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Five potential breakout hitting prospects in the Yankees’ system

The farm is pitching-heavy, but there are some exciting bats that could take a significant step forward in 2020

MLB: ALCS-New York Yankees Workouts Shanna Lockwood-USA TODAY Sports

While it is true that the Yankees’ system is filled with high-upside arms, there are some hitting prospects that may be on the verge of a breakout. Most of the high-end talent is in the low minors, where there are some exciting outfield prospects a couple of years away, but that may be worth the wait.

Here are five prime breakout candidates on the hitting side of things from the New York Yankees’ farm system:

Brandon Lockridge

A true burner, Brandon Lockridge is a toolsy outfield prospect who could take off with enough reps and improvements across the board. His speed has been assigned a 70 on the 20-80 scouting scale, and he also has some raw power that the Yankees hope could develop into game power.

He is a fifth round selection in the 2018 Draft, and he already has a successful season in Charleston with a .251 batting average, 12 home runs and 22 stolen bases in 2019.

He is an adequate center fielder with a long way to go, but dripping with 20-30 (homers and stolen base) potential. He needs to dial down his aggressiveness in the plate, though, after striking out 140 times last year in the low minors.

Anthony Seigler

Already one of the Yankees’ top prospects, and the most promising catcher in the system, Seigler didn’t have a good season in 2019. However, his profile screams breakout candidate: a contact-oriented batter with a compact, line-drive swing and an advanced approach, he figures to start mashing sooner rather than later.

Seigler, a first-round draft pick, may not have elite raw power, but he can hit close to .300 at the highest of levels and has enormous potential as a defensive catcher given his instincts, sheer athleticism and elite throwing arm.

He is also a highly disciplined hitter with almost as many walks as strikeouts. He will look to have a rebound season in 2020 and leave this year behind after hitting for a paltry .175 batting average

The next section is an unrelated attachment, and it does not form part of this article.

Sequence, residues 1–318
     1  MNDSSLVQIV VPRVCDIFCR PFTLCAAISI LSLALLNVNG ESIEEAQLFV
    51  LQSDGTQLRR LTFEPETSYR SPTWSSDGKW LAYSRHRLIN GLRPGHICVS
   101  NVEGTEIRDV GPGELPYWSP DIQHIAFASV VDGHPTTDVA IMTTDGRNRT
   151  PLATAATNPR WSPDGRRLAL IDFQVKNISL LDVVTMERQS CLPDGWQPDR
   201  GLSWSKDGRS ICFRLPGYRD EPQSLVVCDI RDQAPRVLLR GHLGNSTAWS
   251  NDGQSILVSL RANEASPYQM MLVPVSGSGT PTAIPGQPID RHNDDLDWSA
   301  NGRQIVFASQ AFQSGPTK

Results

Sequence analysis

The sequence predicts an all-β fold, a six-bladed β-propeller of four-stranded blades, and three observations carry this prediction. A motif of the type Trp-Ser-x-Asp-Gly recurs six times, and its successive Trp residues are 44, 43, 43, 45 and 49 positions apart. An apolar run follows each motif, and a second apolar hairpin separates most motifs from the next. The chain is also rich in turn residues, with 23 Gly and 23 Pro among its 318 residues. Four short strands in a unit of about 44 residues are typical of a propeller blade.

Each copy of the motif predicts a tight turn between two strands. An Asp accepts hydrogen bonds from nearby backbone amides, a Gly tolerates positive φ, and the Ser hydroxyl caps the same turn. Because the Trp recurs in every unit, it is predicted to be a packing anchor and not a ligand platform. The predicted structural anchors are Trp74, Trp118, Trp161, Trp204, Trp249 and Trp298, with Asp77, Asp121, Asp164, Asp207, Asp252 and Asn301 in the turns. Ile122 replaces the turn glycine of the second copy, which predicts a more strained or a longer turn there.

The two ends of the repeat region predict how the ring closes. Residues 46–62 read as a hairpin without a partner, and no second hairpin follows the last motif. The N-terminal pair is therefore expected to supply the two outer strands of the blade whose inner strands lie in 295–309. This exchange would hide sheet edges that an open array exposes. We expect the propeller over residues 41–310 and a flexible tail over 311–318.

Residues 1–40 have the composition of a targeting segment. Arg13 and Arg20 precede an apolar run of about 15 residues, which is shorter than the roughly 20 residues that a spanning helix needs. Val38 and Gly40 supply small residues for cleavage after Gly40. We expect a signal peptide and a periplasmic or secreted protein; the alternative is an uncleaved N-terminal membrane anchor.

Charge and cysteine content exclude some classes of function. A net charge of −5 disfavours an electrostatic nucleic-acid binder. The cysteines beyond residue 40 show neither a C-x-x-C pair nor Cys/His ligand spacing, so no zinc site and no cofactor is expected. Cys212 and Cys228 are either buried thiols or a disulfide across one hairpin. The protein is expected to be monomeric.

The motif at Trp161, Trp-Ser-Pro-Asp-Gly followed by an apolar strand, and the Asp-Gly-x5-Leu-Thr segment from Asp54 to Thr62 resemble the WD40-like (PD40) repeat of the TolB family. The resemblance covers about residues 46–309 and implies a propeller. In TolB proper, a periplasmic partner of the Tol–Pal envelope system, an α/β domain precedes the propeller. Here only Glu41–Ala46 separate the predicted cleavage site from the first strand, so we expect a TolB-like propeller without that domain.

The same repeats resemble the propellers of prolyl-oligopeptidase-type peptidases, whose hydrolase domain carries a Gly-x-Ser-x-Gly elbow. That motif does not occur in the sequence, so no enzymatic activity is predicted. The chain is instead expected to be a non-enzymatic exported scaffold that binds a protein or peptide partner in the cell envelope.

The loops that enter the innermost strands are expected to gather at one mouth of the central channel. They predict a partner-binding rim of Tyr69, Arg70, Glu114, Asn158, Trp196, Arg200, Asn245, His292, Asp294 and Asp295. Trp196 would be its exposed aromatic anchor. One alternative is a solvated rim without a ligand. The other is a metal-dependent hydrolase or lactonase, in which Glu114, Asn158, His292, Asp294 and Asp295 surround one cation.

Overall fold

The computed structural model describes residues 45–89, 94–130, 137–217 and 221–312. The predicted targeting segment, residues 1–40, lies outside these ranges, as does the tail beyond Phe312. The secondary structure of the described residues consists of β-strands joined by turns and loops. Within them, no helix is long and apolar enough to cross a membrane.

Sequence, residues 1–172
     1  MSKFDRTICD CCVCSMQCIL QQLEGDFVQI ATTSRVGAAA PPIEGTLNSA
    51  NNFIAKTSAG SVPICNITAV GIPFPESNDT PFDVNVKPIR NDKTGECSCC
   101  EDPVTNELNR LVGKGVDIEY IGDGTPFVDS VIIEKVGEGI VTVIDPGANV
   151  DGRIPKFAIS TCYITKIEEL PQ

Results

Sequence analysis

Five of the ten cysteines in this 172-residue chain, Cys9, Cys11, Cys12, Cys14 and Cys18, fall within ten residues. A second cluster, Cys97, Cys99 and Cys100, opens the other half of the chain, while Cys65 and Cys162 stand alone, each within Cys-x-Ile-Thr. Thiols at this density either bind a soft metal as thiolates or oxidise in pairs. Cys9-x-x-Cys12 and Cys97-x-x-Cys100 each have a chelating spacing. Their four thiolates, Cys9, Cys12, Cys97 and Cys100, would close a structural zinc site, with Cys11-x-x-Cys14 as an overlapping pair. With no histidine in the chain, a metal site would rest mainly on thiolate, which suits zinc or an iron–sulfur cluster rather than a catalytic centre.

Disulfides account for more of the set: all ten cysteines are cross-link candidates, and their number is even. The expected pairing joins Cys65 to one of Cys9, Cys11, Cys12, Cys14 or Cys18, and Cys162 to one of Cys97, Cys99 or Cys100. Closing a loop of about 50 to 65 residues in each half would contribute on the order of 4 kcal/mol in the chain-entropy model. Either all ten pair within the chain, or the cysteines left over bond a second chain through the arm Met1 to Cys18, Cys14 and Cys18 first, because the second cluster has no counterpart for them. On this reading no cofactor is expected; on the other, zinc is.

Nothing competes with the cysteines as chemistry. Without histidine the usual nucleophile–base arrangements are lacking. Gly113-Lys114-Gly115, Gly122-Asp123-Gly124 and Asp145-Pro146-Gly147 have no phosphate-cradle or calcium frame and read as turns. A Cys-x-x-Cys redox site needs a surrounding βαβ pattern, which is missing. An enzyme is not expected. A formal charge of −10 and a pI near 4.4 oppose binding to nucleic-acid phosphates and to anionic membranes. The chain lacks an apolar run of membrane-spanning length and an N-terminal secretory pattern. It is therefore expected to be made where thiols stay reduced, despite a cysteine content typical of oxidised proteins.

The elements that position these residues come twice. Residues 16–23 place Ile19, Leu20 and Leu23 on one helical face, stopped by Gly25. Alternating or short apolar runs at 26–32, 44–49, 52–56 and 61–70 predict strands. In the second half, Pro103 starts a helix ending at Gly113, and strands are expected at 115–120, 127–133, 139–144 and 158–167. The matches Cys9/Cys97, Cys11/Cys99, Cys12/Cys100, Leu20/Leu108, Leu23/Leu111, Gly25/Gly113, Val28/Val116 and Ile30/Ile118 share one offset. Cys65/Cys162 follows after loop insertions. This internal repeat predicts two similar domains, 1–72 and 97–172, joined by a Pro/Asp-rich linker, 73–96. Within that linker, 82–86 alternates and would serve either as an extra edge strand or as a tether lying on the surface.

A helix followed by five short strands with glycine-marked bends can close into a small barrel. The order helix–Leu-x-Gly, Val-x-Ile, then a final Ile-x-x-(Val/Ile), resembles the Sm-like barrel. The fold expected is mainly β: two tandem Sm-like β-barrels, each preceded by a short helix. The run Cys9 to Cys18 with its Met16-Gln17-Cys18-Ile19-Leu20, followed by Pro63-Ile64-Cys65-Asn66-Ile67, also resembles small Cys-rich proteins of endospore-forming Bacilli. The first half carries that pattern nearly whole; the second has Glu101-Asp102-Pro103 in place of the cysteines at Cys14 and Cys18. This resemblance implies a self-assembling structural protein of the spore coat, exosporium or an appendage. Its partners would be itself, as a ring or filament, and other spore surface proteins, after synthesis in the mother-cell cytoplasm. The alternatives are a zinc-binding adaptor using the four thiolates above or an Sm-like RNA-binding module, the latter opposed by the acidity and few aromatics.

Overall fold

Canaan Smith

He may not look very athletic, but Canaan Smith can run, field a corner outfield position, and even steal a few bases. However, his best trait is his patience: he posted an OBP north of .400 last season and inflicted damage when he found his ideal pitch.

Now that he has mastered Class A (with a 154 wRC+, no less) he figures to start 2020 with the Tampa Tarpons, and he has the plate discipline and approach to succeed and accelerate his path to the majors in a couple of years.

Next year will be Smith’s age-21 season, so he still has time in his side. He may not be an All-Star, but he has the potential to be an everyday contributor if things break right.

Anthony García

A powerful switch-hitter, García will play the 2020 season while still a teenager (19.) While he has an obvious strikeout problem, he has immense power from either side of the plate, so much that if he ever masters the strike zone and shortens his swing, he could be a perennial 30-home run threat.

Listed at 6’5’’ and 204 lb., he has already lost a step. García can, however, remain an average glove in either outfield corner if he sets his mind into working diligently to keep himself in shape.

In six games at the Rookie level (Pulaski) in 2019, he batted .294 with an impressive on-base percentage of .417. However, he had nine strikeouts in 17 at-bats. If he cuts the whiffs down, he could find himself in Charleston to finish off the season, although that is a big leap to make. Will he be capable?

Josh Stowers

An athletic speedster, Josh Stowers had a good season this year with the Charleston RiverDogs, hitting .273 with a .386 OBP, seven round-trippers, and 35 steals. However, he may have some untapped potential.

Stowers’ batted ball profile is not that of the typical leadoff hitter, given that he had a 0.83 GB/FB ratio. He elevated the ball at a 41.2% rate, and 24.7% of his connections were line drives. More home runs could be on the way, who knows?

He was acquired in the Sonny Gray trade (well, in the subsequent deal with the Seattle Mariners, to be precise) and 2020 will be his age-23 season, so he will probably start with the Tampa Tarpons (Class A-advanced.) He is a slightly above-average center fielder with a weak arm, but at the plate, he is disciplined and talented enough to start a fast rise to the bigs.